No matter how introverted you are, we are social creatures at heart and this loneliness can take a huge toll on our mental health and life satisfaction. If any of this resonates with you, first take comfort in realizing that you’re not alone. Then, try and incorporate the following actionable steps to boost your social life and overall happiness.
Foster your hobbies
It may be difficult to find the time for hobbies in your 20s. Many people are busy focusing on their careers and possibly even side hustles. But it is a fantastic idea to have a hobby that you foster out of pure enjoyment. Whether it be a sport or creative activity, you can find people that like to do the same things as you, which is a great foundation for friendship and finding like-minded people. This is essentially putting yourself back in the place of the social structure of school where there are clubs, majors, and elective classes that make it easy to find friends.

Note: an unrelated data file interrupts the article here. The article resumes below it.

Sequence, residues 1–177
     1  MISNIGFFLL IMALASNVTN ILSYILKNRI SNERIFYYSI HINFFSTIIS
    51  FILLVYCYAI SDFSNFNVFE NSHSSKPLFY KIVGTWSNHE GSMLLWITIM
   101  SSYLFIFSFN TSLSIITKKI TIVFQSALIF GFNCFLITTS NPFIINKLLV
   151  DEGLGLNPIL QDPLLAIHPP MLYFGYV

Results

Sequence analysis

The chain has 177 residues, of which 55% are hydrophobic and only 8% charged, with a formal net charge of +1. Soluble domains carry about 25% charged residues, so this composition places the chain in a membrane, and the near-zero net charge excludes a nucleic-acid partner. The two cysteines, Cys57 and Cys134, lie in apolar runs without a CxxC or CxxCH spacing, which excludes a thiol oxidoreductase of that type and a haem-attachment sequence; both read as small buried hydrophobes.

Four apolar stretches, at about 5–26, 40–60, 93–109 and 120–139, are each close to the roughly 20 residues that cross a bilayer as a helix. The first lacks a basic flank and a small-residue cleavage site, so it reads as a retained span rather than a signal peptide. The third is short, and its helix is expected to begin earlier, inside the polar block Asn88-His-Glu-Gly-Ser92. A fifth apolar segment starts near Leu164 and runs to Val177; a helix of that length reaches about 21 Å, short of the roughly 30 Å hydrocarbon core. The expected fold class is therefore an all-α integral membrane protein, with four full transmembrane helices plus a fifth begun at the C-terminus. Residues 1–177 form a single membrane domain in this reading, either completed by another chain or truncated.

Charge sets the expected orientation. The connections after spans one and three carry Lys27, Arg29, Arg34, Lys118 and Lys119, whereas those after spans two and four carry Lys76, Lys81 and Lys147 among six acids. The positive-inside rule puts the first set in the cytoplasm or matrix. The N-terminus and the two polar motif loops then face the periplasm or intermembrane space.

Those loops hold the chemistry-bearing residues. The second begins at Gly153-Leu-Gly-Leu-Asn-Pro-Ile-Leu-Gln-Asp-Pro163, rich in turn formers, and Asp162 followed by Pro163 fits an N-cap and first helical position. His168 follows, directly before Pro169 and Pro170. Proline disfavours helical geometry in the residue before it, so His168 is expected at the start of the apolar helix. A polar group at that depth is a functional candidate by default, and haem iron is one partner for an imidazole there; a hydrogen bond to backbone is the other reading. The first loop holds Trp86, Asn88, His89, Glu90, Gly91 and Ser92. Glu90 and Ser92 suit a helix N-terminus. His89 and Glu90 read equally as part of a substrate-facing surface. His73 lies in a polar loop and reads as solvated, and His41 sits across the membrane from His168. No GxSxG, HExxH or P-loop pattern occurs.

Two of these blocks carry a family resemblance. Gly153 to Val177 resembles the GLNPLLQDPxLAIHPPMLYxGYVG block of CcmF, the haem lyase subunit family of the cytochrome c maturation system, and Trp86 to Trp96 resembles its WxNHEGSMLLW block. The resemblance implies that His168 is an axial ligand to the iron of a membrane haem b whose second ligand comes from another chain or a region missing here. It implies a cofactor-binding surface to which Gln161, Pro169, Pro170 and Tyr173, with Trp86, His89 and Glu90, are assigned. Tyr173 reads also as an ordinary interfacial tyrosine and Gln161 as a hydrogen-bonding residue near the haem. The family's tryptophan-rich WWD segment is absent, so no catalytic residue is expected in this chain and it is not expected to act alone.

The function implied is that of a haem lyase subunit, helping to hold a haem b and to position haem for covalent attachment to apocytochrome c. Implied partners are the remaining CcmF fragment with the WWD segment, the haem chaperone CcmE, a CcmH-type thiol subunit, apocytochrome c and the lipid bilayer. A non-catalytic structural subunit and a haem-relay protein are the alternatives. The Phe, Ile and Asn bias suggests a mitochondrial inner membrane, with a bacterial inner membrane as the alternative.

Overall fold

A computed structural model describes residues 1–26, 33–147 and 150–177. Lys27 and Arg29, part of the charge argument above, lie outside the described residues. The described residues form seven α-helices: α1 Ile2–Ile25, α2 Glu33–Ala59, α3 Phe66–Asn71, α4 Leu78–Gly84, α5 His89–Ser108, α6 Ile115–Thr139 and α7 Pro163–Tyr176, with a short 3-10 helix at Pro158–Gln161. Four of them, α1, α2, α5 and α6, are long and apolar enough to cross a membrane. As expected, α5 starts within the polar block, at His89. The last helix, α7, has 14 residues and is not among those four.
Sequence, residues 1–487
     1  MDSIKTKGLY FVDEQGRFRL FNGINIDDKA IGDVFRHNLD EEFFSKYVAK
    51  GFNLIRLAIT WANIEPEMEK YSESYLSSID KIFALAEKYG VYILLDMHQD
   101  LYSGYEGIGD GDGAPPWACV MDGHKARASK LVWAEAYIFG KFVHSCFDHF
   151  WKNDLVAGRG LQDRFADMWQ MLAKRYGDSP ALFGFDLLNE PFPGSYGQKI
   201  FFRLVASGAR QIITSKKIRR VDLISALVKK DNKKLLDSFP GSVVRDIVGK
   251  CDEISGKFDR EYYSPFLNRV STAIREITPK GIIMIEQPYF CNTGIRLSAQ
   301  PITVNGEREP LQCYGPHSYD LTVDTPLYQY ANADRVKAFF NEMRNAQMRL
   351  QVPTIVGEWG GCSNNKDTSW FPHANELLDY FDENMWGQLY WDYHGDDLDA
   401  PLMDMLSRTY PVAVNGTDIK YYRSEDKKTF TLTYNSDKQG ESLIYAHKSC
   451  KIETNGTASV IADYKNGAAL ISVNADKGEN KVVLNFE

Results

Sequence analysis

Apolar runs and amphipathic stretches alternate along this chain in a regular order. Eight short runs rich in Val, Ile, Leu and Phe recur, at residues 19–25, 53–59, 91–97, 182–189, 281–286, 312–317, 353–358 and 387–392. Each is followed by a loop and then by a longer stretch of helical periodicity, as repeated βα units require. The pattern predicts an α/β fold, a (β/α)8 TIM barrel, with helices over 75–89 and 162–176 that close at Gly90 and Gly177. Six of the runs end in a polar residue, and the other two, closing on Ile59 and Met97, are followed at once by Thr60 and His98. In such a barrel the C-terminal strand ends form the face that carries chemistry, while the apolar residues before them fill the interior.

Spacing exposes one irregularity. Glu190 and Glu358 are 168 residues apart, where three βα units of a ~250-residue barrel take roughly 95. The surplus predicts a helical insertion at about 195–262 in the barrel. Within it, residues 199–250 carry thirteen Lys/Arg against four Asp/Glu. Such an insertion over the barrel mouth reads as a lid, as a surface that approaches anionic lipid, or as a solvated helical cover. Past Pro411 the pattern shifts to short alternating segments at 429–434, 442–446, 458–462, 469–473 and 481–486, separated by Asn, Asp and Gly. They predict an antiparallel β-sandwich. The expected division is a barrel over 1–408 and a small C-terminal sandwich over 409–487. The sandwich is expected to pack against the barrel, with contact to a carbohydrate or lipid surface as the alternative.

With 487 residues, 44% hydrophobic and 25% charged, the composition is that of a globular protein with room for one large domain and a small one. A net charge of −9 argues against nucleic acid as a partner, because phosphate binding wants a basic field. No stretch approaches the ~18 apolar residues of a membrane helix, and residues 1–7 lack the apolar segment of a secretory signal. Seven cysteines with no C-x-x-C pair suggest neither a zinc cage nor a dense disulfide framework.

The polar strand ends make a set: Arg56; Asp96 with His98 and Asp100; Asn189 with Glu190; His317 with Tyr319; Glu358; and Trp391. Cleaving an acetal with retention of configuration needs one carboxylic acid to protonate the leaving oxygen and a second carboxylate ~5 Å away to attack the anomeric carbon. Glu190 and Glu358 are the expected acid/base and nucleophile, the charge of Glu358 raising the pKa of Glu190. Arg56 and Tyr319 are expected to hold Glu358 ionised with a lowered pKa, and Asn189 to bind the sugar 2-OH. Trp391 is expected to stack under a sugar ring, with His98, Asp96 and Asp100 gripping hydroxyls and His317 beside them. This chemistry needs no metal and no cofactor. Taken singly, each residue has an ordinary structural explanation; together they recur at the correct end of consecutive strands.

Also, be open to making friends that are older or younger than you. This may be the first time in your life that your friends aren’t the same age as you because of school and it can be wonderful to finally have friendships that are diverse in age and background. Diverse friendships are a great learning opportunity so embrace the newfound variety.
As an example, a friend of mine had a passion for fashion. He kept meeting new people in the fashion industry so often that he decided to launch his own brand of fashion accessories, and he now makes great laptop sleeves among other things.
Act like you’re already best friends